Last year, Avengers: Infinity War just barely made my list of the best sci-fi and fantasy movies of 2018. And in a tie with Aquaman. When ranked rather than alphabetized, Avengers: Endgame will certainly fare much better. Like Infinity War, it’s a whole lot of movie. It also feels like a series finale for a decade-long TV show that just happened to play out on the big screen over 22 super-sized episodes. To that, it’s a surprisingly satisfying conclusion, wrapping up multiple character arcs and plotlines, including some we didn’t even realize needed such focus — this is, unexpectedly, Nebula’s movie as much as it is Iron Man or Captain America’s.

How and where Endgame will place down the road, both within the Marvel Cinematic Universe and against other comic book and superhero movies overall, is unclear. The Avengers sequel is hardly able to exist on its own. For this year, though, the experience of sitting through its three hours, divided into the three acts of serious drama in melancholic mourning, fun adventures with time-travel fan service, and an overpopulated yet thrilling splash-page of a climax, especially as a follow-up to the messy misery of Infinity War, was outstanding.

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Captain Marvel

Marvel Studios

As substantial as Avengers: Endgame was (and maybe is), its MCU predecessor proved to be anything but. Narratively, that is. Outside of the screen, it was a momentous occasion, more so for the billion-dollar-grossing ceiling broken by a woman director (co-helmer Anna Boden) than the fact that Marvel Studios finally delivered a movie with a female lead with its 21st franchise installment. On the screen, it’s a fine standalone tale of a superwoman learning not to hold anything back, presented alongside a Nick Fury origin story plus a showcase for a scene-stealing alien cat. Also, tons of ’90s nostalgia.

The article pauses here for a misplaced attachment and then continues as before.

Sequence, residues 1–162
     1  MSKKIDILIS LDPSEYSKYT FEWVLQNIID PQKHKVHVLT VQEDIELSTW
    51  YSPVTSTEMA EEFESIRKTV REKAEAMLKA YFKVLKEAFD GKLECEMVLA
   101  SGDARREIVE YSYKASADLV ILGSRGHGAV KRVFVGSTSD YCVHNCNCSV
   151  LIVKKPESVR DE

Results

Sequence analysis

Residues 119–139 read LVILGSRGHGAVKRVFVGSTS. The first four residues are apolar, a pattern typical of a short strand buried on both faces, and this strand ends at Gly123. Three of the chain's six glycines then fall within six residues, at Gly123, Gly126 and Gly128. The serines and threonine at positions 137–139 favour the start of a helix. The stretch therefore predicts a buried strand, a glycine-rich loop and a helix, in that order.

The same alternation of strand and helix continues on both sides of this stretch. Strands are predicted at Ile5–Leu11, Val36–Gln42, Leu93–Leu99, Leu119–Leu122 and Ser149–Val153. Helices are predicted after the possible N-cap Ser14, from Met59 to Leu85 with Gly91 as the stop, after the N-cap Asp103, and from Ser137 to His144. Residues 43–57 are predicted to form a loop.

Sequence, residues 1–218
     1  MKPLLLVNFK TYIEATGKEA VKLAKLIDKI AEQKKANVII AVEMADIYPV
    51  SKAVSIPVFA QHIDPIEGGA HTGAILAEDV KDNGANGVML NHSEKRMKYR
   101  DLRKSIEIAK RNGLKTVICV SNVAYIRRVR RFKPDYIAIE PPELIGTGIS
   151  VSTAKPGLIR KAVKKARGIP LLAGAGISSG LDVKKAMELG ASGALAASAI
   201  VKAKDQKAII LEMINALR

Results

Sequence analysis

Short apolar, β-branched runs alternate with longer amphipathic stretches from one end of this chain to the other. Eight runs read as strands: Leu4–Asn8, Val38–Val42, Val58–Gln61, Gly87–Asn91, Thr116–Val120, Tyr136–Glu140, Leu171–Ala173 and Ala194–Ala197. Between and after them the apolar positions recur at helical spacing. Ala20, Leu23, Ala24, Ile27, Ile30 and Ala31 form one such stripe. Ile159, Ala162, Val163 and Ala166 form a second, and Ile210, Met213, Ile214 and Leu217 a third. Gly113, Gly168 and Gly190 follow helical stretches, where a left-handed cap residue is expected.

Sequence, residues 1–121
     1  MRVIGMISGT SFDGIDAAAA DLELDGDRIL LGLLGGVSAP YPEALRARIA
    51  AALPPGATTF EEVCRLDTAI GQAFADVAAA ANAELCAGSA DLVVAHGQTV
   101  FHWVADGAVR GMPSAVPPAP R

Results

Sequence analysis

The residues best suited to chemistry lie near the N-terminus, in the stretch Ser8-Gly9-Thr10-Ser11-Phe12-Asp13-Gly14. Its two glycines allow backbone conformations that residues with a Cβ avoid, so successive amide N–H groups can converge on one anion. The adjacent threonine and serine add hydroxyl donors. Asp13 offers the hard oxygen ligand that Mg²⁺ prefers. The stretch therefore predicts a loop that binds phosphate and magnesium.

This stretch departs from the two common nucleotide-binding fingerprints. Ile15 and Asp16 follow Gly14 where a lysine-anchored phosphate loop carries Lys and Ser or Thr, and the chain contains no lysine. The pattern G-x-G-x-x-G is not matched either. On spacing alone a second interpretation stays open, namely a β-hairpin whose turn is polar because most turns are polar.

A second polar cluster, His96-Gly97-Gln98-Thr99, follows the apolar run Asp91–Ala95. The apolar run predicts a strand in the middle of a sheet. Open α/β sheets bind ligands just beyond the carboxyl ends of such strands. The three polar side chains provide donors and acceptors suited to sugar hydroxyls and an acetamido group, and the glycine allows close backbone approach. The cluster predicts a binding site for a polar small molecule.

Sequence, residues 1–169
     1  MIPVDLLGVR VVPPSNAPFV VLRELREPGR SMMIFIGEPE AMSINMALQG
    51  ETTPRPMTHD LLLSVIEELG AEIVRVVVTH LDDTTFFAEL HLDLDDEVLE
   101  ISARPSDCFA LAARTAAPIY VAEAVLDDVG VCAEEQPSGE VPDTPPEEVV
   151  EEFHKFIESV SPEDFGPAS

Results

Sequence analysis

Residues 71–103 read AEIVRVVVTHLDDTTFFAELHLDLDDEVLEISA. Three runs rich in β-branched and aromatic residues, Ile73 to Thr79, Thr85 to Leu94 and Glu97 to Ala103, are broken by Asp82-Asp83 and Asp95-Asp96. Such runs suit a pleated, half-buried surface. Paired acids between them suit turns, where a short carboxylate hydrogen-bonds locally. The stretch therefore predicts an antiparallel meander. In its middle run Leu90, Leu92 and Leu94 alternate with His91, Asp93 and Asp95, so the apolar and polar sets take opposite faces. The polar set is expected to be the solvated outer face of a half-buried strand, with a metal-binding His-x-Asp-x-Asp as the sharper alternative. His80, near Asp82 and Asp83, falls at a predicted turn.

Aside from all the references to that decade, the movie also earns marks for feeling like something of a mashup of ’90s action cinema and that era’s indie spirit. It looks like a Marvel movie made by filmmakers who came out of Sundance, and with regular MCU DP Ben Davis, they gave us some of our favorite shots of the year so far. Meanwhile, their screenplay, written with Geneva Robertson-Dworet, subverts expectations whether you’re a comic book expert or casual superhero movie fan, and gives us phenomenal female bonding moments. It could have used more personality, but here’s hoping there will be growth throughout multiple sequels.

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Fast Color

Fast Color

Since the rise of the superhero movie genre as a dominant presence in cinema, plenty of storytellers have explored the idea of what it would be like if costumed crusaders or people with special abilities existed in the real world. Julia Hart’s Fast Color is probably the closest thing to a correct answer. The small, stiff, slow film makes even the similarly plotted Midnight Special look like an epic action spectacular. Gugu Mbatha-Raw takes the lead as a woman on the run from government agents and scientists. She heads back home to reconnect with her mother and the daughter she abandoned years ago.

They have abilities, too. And the effects involved in their powers are very cool and beautiful. Yet this isn’t a film to watch for dazzling magic or astonishing feats or heroes saving the day. Fast Color is mainly a drama about three generations of women who’ve inherited gifts that go back through their family for centuries. They mainly involve breaking things apart and putting them back together, metaphorically reminding me of The Brother from Another Planet (which also happens to co-star David Strathairn). This, too, is a little film with big ideas executed tremendously.

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Christopher Campbell began writing film criticism and covering film festivals for a zine called Read, back when a zine could actually get you Sundance press credentials. He's now a Senior Editor at FSR and the founding editor of our sister site Nonfics. He also regularly contributes to Fandango and Rotten Tomatoes and is the President of the Critics Choice Association's Documentary Branch.